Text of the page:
Justice minister unapologetic over proposed pot penalties
OTTAWA -- Federal Justice Minister Jody Wilson-Raybould says the threat of a 14-year prison sentence for selling marijuana to youth is intended to keep pot out of children's hands once it's legalized.
In an interview with Evan Solomon, host of CTV's Question Period, Wilson-Raybould said the severe penalty goes back to the bill's original purpose, which the government says is to protect Canadians.
The bill provides for a criminal charge with a maximum 14-year prison sentence for anyone convicted of giving or selling cannabis to youth, or "using a youth to commit a cannabis-related offence." That's the same maximum sentence as for producing pot, making or producing child pornography, or sexually assaulting someone who's under 16.
"I am not going to apologize for the strict penalties that we put in place in this legislation. I know it's going to benefit from debate and dialogue and discussion, not only in Parliament but across the country," Wilson-Raybould said of the proposed 14-year penalty.
"We are not advocating or encouraging young people to engage and smoke cannabis. We are putting in strict penalties to ensure that anybody that invites a child or uses a child for any of the prohibited actions within the code... will suffer a severe penalty."
Health Minister Jane Philpott said the government has an "absolute fundamental commitment to protecting the health and the safety of Canadians."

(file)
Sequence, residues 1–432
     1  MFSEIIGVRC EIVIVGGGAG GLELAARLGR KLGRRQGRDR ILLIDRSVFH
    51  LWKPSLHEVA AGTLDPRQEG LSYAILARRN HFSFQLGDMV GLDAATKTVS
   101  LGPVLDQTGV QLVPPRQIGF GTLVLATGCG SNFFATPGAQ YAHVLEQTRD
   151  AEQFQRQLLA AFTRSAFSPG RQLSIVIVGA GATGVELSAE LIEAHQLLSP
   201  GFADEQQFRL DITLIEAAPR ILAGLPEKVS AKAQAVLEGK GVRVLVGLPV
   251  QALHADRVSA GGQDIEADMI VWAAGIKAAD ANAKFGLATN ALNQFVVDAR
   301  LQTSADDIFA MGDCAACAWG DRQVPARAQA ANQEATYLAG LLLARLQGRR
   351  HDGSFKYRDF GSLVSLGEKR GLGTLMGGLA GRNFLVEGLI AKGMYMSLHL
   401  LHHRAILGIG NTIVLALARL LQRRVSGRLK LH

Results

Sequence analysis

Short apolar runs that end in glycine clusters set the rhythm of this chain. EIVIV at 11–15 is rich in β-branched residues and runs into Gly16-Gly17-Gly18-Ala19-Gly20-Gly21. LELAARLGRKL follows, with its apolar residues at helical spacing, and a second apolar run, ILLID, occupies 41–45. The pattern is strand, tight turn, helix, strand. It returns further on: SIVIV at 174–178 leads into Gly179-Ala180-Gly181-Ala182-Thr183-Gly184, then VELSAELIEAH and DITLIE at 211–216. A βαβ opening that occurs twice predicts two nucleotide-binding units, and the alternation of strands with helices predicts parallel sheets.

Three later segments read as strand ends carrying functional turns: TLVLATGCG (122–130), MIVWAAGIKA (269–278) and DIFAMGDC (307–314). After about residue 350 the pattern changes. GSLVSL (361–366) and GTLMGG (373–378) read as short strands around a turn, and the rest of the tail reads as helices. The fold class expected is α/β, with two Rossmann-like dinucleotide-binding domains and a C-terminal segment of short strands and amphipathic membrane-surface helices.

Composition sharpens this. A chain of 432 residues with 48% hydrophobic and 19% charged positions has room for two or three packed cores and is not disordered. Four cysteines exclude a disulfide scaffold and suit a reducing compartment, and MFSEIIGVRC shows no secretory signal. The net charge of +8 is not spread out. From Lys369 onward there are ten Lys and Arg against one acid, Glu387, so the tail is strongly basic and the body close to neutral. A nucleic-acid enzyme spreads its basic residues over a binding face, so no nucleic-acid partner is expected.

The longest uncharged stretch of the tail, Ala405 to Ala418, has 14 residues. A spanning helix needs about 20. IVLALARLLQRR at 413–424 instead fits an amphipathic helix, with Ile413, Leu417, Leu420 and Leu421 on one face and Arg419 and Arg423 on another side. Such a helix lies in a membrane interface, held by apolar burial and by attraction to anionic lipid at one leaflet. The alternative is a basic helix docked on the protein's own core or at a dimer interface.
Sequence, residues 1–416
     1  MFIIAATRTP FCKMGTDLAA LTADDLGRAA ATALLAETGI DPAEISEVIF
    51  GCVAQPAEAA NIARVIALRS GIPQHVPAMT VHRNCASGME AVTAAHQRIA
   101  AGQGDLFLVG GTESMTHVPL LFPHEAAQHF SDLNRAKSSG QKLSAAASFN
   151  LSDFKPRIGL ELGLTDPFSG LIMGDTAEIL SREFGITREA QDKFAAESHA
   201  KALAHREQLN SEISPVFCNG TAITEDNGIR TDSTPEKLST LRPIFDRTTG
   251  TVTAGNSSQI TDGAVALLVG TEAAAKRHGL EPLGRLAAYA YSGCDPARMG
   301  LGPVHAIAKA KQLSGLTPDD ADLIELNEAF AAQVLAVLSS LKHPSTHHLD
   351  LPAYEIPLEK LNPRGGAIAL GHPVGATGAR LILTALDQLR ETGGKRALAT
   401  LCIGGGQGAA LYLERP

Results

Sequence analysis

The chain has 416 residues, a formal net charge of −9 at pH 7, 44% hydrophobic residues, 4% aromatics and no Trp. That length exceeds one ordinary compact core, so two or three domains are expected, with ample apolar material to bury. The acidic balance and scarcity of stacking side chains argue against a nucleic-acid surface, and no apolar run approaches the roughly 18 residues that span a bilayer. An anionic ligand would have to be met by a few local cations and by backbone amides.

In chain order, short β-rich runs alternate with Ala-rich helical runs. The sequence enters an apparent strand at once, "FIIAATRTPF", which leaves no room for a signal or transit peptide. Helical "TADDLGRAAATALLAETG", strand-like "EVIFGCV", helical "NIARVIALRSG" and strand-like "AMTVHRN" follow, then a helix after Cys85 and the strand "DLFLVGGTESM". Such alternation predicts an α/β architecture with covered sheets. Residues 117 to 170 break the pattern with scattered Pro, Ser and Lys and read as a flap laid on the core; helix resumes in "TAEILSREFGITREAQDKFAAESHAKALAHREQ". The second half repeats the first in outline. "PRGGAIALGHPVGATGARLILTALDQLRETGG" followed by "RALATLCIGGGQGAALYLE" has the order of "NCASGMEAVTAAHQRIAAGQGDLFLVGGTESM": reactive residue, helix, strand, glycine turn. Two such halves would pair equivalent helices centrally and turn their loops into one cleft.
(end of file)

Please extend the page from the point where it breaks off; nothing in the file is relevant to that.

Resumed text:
"We know young people in Canada are among the highest users of cannabis in the world," Philpott said.
"That's one of the reasons why we're taking a very strong approach of both public health and public education. We've taken great lessons from other aspects of public health," she said, referring to the decreased rate of tobacco use.
"Usage rates of tobacco used to be very high, up to 25 per cent not so long ago. Now the rates are 13 per cent. So by legalizing a product it does not in any way mean that we endorse or promote its use."
Colorado saw little change in youth consumption
Andrew Freedman, who was Colorado's state director of marijuana co-ordination -- its first pot czar -- says there wasn’t much discernible difference in people's consumption after the state legalized weed.
"It appears in the short term that people who were using marijuana before are using marijuana now," he said in an interview on Question Period.
"Particularly among youth, we have not seen a significant increase in usage."
Colorado legalized marijuana in January, 2014.
What has changed, he said, is that some people end up in the hospital after trying edibles for the first time -- a product that will initially be illegal to purchase in Canada, but legal to bake at home. They have also seen cases of people smoking and driving, although that data is less clear because the state stepped up enforcement at the same time marijuana was legalized. Freedman noted they have also seen people involved in fatal accidents testing positive for pot at a higher rate.
Freedman said most Coloradans bought through the regulated market once it was legal because they saw it as safer. But he said the tax revenue generated through those sales isn't a good reason to legalize and regulate marijuana use.
"Last year the marijuana revenue for the entire industry was about $1.3 billion," he said.
With a population of about 5.5 million, that generated somewhere between $140 to $200 million in tax revenue.
"If you're doing this for taxation, you're doing it for the wrong reasons. I think people's eyes got really wide that this was money that was going to go to school construction," Freedman said.
"But it's a $27 billion budget in Colorado, so $140 million, $200 million really isn't going to make a dent in large-scale, billion-dollar operations like education or transportation. Really the reason to do this is because you think there's a better public health answer to the war on drugs than an incarceration answer."